This half-hour Obama spot aired on eight networks during prime-time last night. (Sorta like the Presidential debates ... except with just one candidate.)
It's slow-moving and demagogic, with the distinct vanilla flavor of Christian family TV, but Obama's honeyed tone is soothing, like a lullaby. As an added bonus, it's oddly devoid of plumbers named Joe.
"I didn't get a church-related feeling, but my wife loved the wheat," said colleague Michael Kimsal when we discussed the ad this morning. "We then watched the pundits afterward, and half of them loved the wheat too."
Building on that hard-up plebe vibe, Adrants reader Olivier was all, "Felt like Grapes of Wrath II at times."
I'm sure a handful of wily degenerates have fantasized about rigging this year's election results in their favour. Or voting 30 times instead of once.
Given that you can't do either of those things without great risk, consider making your mom vote for your candidate of choice. She gave birth to you; we're sure she'd do it just to keep you from hitting her up for money this month.
What if today's campaign tactics were applied to the election of 1860?
Crazed by this Presidential race, ad bloggers Make the Logo Bigger and Jetpacks ponder this question. Here's the fruit of their labours, "paid for by Friends of Douglas."
Contemporary context gave history both personality and a face. We laughed, we cried, we wondered -- ever so briefly -- what could have been.
Indentured servitude for me? Plantation micro-management for Steve? (Well, I guess one could argue that slavery was on its way out, even without that wee shove we dubbed the Reconstruction.) Propaganda aside, just how big of a deal is an election, anyway?
OK so not everyone in America has thousands of dollars to spend on clothes but should a person who can afford such clothes be given a back handed slap upside the head for looking good on national television while running for the President of America? It would appear that's what Goodwill is doing to Barak Obama and Sarah Palin in a new ad campiagn asking them to donate their clothing on November 5th when the Presidential dust has settled.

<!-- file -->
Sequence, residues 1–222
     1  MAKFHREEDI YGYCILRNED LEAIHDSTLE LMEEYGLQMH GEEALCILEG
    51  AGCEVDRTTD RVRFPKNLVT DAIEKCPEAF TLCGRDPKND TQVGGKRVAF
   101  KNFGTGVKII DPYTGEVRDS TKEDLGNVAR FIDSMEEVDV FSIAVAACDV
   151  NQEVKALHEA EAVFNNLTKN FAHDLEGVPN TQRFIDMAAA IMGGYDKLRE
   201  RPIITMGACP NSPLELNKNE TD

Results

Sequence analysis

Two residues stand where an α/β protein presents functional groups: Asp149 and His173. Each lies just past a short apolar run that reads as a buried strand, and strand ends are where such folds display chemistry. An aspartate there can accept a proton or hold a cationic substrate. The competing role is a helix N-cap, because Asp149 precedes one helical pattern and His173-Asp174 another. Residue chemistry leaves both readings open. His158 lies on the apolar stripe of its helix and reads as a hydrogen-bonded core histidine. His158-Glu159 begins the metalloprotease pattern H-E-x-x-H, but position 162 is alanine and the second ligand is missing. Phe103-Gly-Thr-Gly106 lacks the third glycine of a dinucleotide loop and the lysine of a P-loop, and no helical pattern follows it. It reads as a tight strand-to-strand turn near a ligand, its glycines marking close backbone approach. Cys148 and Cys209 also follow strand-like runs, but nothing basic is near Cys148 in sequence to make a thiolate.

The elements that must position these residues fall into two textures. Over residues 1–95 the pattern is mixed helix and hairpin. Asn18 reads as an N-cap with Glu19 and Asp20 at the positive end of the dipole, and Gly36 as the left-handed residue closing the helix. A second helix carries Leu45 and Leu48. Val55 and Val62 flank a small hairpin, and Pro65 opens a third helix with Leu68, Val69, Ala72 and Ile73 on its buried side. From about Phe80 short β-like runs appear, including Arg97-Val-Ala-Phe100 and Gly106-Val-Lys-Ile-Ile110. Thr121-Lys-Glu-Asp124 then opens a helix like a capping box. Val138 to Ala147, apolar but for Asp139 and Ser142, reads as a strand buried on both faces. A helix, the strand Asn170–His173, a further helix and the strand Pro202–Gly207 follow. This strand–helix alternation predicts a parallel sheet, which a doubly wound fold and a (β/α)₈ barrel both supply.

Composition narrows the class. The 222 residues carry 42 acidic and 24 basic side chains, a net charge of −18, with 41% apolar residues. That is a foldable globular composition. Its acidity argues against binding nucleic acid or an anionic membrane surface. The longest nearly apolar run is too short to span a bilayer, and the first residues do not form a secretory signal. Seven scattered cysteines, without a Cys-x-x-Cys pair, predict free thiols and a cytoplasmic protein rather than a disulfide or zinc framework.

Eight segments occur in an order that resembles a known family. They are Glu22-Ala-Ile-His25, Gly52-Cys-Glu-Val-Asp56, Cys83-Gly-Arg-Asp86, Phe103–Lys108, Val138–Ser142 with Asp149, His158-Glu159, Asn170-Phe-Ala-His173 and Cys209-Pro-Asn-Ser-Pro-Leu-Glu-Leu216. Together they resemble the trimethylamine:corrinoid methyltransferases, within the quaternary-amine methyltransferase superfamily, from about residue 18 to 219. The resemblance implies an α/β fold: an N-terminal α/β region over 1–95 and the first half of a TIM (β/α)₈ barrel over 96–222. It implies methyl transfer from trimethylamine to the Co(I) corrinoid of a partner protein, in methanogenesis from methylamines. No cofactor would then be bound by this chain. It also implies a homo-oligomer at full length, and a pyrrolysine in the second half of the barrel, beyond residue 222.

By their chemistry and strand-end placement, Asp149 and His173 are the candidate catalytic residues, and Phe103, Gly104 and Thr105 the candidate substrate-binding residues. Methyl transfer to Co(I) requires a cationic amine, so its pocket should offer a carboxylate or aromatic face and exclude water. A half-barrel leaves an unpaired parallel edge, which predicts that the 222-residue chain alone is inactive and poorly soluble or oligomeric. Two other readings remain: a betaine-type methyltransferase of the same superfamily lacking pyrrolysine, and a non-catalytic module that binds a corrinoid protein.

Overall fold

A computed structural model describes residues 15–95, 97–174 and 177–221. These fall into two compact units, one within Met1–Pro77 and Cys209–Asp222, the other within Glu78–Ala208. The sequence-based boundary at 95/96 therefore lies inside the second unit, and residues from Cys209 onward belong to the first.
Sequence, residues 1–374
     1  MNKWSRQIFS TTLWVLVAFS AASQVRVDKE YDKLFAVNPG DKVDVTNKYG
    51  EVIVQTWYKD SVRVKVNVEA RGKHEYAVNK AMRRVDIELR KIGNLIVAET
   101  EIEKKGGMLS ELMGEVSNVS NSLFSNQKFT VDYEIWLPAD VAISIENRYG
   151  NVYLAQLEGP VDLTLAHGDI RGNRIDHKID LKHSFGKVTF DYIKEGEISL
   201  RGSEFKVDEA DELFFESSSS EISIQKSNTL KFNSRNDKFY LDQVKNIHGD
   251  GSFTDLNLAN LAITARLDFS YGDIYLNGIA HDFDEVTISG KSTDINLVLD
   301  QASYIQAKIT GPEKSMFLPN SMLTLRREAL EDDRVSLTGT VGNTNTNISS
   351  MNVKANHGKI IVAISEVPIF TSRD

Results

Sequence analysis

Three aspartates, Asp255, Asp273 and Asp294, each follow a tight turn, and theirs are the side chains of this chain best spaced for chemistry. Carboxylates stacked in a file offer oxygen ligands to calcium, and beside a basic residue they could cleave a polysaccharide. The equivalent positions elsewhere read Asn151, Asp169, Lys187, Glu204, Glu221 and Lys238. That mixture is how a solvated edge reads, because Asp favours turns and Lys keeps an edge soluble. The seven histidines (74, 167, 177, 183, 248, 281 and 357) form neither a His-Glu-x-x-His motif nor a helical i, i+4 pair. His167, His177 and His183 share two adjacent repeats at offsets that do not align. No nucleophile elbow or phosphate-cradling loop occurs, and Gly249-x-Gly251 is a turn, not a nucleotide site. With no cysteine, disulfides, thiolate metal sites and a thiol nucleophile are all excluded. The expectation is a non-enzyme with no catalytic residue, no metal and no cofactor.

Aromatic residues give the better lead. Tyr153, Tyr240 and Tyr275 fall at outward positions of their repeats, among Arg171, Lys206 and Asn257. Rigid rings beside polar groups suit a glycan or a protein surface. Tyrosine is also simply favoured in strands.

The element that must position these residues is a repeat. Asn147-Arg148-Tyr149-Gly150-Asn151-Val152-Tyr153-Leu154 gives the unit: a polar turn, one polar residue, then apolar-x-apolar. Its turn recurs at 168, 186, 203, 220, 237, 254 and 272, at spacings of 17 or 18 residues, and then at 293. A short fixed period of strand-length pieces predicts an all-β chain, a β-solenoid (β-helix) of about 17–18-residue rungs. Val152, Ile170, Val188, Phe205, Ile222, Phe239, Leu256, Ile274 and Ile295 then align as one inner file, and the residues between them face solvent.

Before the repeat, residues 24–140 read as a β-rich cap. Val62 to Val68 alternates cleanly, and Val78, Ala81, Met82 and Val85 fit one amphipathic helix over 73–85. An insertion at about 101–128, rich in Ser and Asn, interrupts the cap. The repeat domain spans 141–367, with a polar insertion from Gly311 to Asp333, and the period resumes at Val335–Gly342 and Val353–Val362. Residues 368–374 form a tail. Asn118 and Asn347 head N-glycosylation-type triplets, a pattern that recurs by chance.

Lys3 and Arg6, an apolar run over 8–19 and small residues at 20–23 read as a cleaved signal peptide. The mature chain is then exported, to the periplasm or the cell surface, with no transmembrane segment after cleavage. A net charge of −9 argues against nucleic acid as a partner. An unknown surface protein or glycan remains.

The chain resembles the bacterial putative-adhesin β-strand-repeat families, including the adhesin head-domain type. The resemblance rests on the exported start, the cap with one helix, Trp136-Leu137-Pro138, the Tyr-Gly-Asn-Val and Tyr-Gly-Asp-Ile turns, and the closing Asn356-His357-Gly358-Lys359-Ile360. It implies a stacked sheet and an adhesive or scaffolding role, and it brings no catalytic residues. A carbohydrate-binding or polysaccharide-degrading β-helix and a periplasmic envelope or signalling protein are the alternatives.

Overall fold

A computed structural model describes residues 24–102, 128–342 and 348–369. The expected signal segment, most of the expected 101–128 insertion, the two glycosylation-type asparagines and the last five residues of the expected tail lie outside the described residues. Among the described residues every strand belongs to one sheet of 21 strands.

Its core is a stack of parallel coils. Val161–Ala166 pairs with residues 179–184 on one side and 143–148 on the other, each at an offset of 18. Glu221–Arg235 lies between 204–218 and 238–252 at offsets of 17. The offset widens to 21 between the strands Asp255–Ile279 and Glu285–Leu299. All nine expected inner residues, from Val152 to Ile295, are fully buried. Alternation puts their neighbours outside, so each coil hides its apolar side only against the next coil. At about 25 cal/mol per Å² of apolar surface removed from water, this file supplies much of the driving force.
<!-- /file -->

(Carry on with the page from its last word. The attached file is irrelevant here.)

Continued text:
With a bit of twisted logic, TDA has launched a get-out-and-vote effort but the whole thing's pointless. The promotion is predicated on the notion people identify friends, colleagues or acquaintances who will vote opposite them thereby each canceling out the other's vote.
- The US Army has released a list of new technologies that could be used to enable terrorism. Twitter, MySpace and Facebook make the cut.
- The recession's not real! And neither is your loneliness.
- Here's a fun little site. Click on a pair of shoes to see a luxe little ad -- er, "dream" about it. The image at left is for the Vinyl Mary Jane-looking shoes. The Ultra Girl Night Sky one is probably my favourite though: jelly shoes, underwater. How novel.
- You know you hate the new Pepsi logo almost as much as you hate the douche-tacular smile/grin logic behind it. Why not make a new one? Show Pepsi what it could've had for far less money than it probably spent.
Hot damn. As November 4 nears and political ads grow increasingly more negative, MoveOn.org -- which has a knack for instigating a fight -- whips out its own ammo.
Non-voters are the target. This faux news video can be customized to include the name of any potential non-voter. Plug your name in to see it defamed across Facebook, in church marquees and among angry middle-aged protesters. (It's a surprisingly heady sensation. This must be how Heather Mills feels every single day.)
Aside from that sidebar about McCain bombing goats, the best part is when George W. Bush thanks you for your service. I think it gave me hypertension.
From director Charles Stone and his Wassup crew from the days of old comes this updated Wassup spoof which captures the last eight year's worth of "unfortunate events" such as the tanking economy, Iraq, New Orleans and more. The whole thing turns out to be an unofficial commercial for Barak Obama. And a well done one at that.
Hyping Obama in the "battleground state" of North Carolina, BooneOakley has launched a guerrilla campaign. The agency printed decals of the Obama sunrise logo, each, at a diameter of 9.25 inches, sized perfectly to fit over the green circle in a stoplight sign. Of course, it's all supposed to mean "GObama."
As of this week, the decals have begun to appear on street signs throughout the states of North Carolina and neighboring Georgia and Virginia, placed by agency staff and by friends. Additional decals are available at no charge from GObamaNC.com.
Not overly concerned with the potential illegalities of such a stunt, BooneOakley President david Oakley said, "Well, it's not like we're putting them on actual stoplights. We don't even know anyone with an SUV tall enough to reach that high."
Hmm. Tell that to the police when they knock on your door, David;)
Mos Def joins a whole train wreck of celebrities encouraging everyone in their sphere of influence to get out and vote. Unlike Hayden Panettiere and Serena Vanderwoodsen, however, he doesn't make the case for McCain or Obama.
Here he explains what he'd do as President.